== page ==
Saturday, April 21, 2018

The First Mother

It is tough having your Mother pass-away on the same day as Barbara Bush. 

All media sources seem to have prepopulated new stories about how the life of this wife and mother impacted the country. A loving mother raising children who changed the world. A supportive wife, who stood by her husband for seventy-three years.  All these tributes to the former first lady portray her as a throwback to an earlier and almost genteel era of America. This silver-haired matriarch of a political dynasty. Barbara Bush Who used her rule to enrich the family and country she served. 

Yet, as the warm glow softens the loss felt by the passing of such an impactful mothering presence; you begin to question this loyalty to memory. Was she not the lady that ripped her red AIDS ribbon from her blouse before joining her husband on the podium at the Republican National Convention?  Agreeing, that yes “Barbara Bush was a generous and smart and amazing racist who, along with her husband, raised a war criminal.”*

As the people around me are speaking of the life and legacy of a woman who brought safety, warmth, and enrichment into their lives.  I struggle to not think of the warmongering. I search my mind for any time that is not a war on terror. When my Christian name was not replaced with "that Dirty Democrat." When handing over the book, "Loving Someone Gay" it is tossed into the trash. How do you remember a dedicated racist? A person who used racism as an artist uses paint upon a canvas. The art of racism instilled so deeply in her children, it would take years of new coursework to learn tolerance and compassion?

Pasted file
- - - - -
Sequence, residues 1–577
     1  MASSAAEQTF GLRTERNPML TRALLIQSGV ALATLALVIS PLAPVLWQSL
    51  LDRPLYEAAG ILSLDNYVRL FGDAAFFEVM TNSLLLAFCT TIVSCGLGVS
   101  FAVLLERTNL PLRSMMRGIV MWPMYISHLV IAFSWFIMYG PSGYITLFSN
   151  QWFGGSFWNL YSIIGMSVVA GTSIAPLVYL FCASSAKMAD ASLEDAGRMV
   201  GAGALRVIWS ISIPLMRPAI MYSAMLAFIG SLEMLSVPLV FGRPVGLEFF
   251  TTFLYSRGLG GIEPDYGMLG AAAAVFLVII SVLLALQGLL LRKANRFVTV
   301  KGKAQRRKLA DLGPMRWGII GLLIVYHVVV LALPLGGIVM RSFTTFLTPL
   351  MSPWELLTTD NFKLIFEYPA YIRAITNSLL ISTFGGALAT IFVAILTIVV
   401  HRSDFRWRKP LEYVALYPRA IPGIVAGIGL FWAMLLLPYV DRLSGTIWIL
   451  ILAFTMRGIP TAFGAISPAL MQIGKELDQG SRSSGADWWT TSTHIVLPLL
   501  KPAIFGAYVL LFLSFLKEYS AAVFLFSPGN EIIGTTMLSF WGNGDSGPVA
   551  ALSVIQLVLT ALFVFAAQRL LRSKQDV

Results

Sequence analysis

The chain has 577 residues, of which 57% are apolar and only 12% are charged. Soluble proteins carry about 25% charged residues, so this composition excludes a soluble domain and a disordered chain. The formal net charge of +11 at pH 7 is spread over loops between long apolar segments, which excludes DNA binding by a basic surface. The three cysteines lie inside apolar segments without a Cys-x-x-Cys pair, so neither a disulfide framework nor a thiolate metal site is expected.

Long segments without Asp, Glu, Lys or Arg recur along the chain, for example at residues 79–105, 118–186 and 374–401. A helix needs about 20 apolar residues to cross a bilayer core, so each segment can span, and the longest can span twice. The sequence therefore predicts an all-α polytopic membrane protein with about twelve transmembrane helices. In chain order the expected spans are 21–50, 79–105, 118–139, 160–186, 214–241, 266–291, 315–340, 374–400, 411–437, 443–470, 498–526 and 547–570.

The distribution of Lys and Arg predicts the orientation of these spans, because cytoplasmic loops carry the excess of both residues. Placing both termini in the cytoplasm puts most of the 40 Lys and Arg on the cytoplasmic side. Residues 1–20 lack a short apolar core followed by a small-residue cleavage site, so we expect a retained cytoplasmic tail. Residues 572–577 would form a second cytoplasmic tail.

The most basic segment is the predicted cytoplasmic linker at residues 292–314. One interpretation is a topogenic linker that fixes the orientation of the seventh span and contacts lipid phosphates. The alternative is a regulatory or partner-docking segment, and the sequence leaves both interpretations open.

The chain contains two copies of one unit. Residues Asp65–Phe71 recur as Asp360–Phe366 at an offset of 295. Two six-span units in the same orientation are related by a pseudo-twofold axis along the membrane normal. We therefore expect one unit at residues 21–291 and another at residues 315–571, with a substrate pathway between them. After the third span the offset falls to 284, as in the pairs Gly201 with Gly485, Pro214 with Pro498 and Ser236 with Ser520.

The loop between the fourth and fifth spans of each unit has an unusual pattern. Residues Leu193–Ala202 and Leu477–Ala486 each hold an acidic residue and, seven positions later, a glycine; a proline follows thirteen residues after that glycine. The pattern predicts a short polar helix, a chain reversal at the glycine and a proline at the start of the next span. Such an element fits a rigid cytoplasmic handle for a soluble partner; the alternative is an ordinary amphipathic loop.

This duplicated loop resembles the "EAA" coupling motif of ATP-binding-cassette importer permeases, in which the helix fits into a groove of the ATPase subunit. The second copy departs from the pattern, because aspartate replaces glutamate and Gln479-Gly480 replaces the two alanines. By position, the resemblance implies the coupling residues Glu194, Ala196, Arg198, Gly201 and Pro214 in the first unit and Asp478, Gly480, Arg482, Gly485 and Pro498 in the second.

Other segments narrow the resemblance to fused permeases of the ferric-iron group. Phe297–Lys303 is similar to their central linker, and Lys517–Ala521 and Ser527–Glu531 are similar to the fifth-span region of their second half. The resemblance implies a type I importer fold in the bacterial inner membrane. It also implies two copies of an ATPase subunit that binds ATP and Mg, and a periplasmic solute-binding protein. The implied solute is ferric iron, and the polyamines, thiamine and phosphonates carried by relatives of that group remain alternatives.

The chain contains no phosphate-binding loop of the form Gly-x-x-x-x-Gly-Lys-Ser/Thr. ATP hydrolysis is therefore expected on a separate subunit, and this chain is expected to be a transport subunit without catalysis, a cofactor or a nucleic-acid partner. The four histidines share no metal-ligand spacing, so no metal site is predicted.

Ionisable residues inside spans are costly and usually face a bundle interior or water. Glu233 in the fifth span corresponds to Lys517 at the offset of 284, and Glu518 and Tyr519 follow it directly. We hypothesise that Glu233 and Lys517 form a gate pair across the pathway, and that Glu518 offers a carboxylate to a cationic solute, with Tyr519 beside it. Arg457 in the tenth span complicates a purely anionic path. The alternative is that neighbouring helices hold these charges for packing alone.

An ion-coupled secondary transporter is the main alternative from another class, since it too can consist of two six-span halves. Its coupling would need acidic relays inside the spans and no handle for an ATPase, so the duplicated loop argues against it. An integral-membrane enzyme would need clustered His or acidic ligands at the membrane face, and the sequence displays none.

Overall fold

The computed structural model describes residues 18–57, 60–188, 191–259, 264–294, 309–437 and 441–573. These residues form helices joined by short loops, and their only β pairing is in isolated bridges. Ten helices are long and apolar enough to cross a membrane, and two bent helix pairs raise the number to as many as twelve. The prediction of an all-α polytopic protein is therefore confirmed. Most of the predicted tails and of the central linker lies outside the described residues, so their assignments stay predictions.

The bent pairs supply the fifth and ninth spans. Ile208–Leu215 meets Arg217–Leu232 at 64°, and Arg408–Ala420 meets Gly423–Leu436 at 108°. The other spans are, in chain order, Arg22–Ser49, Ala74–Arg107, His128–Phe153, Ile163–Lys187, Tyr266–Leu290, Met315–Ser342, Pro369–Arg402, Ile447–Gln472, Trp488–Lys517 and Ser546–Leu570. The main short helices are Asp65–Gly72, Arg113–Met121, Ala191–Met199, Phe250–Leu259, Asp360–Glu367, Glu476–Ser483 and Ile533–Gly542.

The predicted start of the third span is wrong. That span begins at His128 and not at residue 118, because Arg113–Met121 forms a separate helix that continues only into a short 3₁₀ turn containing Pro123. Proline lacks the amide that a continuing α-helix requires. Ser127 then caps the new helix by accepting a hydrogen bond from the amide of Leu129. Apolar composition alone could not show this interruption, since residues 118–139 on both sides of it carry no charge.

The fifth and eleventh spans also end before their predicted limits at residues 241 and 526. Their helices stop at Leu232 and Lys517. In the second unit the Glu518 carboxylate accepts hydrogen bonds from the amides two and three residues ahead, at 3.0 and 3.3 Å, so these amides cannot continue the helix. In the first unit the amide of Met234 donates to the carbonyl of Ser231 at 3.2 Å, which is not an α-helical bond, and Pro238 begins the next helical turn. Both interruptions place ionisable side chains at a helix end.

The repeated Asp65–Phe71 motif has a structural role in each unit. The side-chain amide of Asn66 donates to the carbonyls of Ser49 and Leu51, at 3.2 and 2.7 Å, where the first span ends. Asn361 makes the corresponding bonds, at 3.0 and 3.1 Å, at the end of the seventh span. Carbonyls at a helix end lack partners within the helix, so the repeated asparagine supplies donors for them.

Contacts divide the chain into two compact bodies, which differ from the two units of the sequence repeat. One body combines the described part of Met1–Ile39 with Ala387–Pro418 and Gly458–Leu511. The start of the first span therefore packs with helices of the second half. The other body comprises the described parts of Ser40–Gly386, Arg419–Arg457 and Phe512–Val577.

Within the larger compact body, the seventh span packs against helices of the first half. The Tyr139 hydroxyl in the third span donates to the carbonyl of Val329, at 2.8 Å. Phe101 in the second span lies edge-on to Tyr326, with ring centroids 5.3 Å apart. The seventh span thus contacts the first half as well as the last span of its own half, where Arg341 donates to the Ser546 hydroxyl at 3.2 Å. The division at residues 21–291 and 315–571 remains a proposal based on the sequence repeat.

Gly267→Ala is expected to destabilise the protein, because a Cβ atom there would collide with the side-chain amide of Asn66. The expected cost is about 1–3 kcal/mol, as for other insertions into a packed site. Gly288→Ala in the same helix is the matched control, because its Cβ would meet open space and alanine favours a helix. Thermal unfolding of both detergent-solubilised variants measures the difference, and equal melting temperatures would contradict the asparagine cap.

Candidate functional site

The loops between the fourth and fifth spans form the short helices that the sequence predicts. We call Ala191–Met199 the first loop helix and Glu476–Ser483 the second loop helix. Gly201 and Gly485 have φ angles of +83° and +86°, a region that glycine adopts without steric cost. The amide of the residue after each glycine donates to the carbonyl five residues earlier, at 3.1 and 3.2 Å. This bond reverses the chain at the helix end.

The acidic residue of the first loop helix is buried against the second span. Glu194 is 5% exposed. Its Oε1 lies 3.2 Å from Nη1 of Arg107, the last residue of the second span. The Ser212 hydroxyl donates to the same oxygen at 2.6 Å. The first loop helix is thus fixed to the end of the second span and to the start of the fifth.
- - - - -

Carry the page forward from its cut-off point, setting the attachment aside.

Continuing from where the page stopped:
I can almost accept that she was a throwback to an earlier and almost genteel era of America. But, it is also the time when the "N" word was used with joyous passion.  I can accept the warm and nostalgic retelling of a life in which the person weaving the narrative had a much different experience to mine. They must have never experienced the warmongering. The removal of the red ribbon. Or, simply, they have and are better at understanding that when an individual dies, you only speak of the good things. 

So, rest in peace. Your legacy is secure. 












* Randa Jarrar 

2 comments:

Pac said...

❤️

anne marie in philly said...

they did that when nixon died; ya might have thought the guy walked on water.